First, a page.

Oh, and for a bit of trivia, do you know there's another rather celebrated female novelist from another century called Jean-Rhys Myers who wrote the rather amazing novel Wide Sargasso Sea about how Rochester met his first wife and how she ended up in that state. I think it's one of the greatest prequels ever written! :)

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    Replies
    1. It was definitely all about resisting temptation, you said it perfectly, and that too when you are tested to almost inhuman limits! And when you think about it in terms of how people live today, and how most of the love stories we consider great are always about sacrificing everything else for love, and this one was the exact opposite, where love was sacrificed to do what is considered the right thing.

      Much food for thought, definitely, the book was.

      I read Wuthering Heights in school, that too middle school! So don't remember much about it. Our school library gave us only classics to read! I must re-read it :(

      Haha, I crossed off this book and I also decided not to venture into anymore and concentrate on studies. Lets see how long that lasts!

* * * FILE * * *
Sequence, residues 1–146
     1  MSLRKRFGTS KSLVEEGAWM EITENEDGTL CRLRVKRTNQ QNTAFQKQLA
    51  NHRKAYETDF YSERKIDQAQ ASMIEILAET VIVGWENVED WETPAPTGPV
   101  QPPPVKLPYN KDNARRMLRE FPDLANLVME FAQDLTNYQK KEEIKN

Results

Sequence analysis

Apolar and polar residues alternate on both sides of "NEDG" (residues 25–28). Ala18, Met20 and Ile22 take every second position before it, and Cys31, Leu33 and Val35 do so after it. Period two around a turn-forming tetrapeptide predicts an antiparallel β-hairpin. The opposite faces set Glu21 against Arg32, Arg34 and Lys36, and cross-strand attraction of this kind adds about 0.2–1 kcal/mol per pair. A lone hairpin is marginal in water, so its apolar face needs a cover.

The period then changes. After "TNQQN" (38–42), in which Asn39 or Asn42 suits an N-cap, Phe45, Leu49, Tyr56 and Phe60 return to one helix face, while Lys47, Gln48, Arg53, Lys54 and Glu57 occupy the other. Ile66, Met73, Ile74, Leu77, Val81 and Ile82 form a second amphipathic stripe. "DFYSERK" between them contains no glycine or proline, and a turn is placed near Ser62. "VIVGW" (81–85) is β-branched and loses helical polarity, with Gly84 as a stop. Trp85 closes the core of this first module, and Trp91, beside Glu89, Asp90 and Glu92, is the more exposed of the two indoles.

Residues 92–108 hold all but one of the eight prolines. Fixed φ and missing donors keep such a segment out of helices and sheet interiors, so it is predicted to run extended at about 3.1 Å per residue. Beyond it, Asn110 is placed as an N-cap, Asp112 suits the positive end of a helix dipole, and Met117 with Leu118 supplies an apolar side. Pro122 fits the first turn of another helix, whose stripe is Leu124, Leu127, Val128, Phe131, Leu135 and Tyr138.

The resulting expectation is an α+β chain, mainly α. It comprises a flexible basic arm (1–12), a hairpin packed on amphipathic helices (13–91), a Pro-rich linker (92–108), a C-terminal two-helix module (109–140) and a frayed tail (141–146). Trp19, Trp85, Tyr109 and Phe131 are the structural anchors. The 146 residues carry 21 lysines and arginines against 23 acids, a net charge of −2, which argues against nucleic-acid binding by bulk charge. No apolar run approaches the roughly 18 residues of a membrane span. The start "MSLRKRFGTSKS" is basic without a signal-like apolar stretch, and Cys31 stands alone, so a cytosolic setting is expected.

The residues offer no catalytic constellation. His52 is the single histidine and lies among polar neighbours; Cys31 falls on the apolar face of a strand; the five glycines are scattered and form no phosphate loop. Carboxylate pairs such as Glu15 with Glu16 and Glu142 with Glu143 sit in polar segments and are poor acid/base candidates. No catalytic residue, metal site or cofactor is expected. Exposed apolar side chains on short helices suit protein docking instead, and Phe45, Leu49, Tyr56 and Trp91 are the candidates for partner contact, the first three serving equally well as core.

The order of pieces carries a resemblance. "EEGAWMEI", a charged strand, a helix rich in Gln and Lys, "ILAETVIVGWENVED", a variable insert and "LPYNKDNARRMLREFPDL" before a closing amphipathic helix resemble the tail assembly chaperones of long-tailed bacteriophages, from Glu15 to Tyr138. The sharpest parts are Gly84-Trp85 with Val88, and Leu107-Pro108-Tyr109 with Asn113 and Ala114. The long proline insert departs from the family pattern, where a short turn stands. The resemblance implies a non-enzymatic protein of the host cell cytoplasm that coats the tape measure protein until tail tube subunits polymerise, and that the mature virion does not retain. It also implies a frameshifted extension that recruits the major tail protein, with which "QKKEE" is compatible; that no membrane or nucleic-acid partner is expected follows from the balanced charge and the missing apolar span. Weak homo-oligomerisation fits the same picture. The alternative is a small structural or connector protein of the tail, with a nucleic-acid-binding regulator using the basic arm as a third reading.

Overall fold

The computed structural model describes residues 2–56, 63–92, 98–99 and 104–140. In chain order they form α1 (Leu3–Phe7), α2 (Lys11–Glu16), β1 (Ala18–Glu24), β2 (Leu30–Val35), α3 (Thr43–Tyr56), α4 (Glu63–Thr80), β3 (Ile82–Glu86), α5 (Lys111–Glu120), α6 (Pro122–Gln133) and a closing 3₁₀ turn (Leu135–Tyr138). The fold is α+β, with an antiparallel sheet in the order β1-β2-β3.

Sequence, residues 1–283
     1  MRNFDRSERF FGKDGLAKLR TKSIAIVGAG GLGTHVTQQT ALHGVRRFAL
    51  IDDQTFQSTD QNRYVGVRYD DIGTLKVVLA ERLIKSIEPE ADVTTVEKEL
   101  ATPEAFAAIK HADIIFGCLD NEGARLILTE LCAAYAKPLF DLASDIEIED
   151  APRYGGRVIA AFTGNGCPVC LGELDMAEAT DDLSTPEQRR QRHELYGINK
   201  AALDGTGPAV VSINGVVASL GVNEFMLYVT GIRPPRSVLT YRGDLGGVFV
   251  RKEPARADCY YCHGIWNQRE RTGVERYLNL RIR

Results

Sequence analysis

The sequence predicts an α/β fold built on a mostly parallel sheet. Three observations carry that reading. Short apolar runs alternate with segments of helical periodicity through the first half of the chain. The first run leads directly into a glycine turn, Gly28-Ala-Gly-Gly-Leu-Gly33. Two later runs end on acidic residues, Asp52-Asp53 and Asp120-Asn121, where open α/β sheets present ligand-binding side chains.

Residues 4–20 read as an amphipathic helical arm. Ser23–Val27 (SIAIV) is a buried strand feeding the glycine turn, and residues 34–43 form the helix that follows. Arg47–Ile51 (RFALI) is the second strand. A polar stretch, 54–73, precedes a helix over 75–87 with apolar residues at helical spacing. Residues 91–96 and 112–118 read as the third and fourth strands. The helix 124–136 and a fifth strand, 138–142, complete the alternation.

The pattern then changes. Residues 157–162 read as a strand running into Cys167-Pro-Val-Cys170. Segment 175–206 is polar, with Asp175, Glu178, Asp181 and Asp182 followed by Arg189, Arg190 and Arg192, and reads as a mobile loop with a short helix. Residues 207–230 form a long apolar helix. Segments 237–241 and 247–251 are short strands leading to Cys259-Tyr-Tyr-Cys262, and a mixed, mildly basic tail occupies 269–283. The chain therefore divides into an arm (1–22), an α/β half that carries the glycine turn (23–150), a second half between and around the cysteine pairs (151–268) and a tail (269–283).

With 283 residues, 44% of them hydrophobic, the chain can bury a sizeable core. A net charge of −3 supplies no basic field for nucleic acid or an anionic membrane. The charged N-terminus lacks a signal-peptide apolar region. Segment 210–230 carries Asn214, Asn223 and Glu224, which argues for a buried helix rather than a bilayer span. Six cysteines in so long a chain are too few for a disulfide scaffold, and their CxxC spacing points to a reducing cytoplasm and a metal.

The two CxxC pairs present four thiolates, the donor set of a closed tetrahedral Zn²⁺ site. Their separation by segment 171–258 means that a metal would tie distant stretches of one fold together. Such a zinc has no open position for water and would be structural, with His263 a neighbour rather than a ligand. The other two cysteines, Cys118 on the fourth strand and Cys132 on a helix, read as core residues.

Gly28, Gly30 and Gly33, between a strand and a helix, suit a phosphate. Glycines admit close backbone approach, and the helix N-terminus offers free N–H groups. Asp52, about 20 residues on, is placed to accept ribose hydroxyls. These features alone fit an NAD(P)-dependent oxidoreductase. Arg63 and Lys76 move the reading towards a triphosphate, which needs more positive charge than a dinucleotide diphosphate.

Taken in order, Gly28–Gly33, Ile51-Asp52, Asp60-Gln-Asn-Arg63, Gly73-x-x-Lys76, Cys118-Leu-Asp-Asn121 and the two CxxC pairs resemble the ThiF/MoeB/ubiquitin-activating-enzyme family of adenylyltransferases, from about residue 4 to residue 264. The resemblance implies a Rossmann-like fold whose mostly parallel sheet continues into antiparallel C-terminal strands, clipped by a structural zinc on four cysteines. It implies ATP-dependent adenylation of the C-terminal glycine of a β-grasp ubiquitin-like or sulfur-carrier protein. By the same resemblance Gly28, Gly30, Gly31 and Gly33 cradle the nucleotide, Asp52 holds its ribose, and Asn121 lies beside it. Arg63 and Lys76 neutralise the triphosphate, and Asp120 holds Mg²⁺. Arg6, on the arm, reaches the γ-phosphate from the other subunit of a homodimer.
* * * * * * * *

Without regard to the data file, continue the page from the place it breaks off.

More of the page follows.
I have never heard of that author, I will research the book and see if I like it. Sounds very intriguing. Currently, though, I have the least interest in knowing about Rochester's first wife who was portrayed like such a villain in this book. I am still, as you can clearly see, very much inside the story. Hah.

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  2. “To prolong doubt was to prolong hope.”
    ― Charlotte Brontë, Jane Eyre

    My favorite quote from that book. :)

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  3. Have read an abridged version of this book. I really liked how the characters change as the story progresses. Would have loved to read more about the mad wife.
    By the way, I'm thinking of writing something to take your post 'Home', forward. Still haven't gotten over it. Is that okay?

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    Replies
    1. To read more about the mad wife you must read 'Wide Sargasso Sea' which Tangled... recommended.

      And yes, feel free to write whatever you want, good if my post inspires creativity of any sort :D

      Delete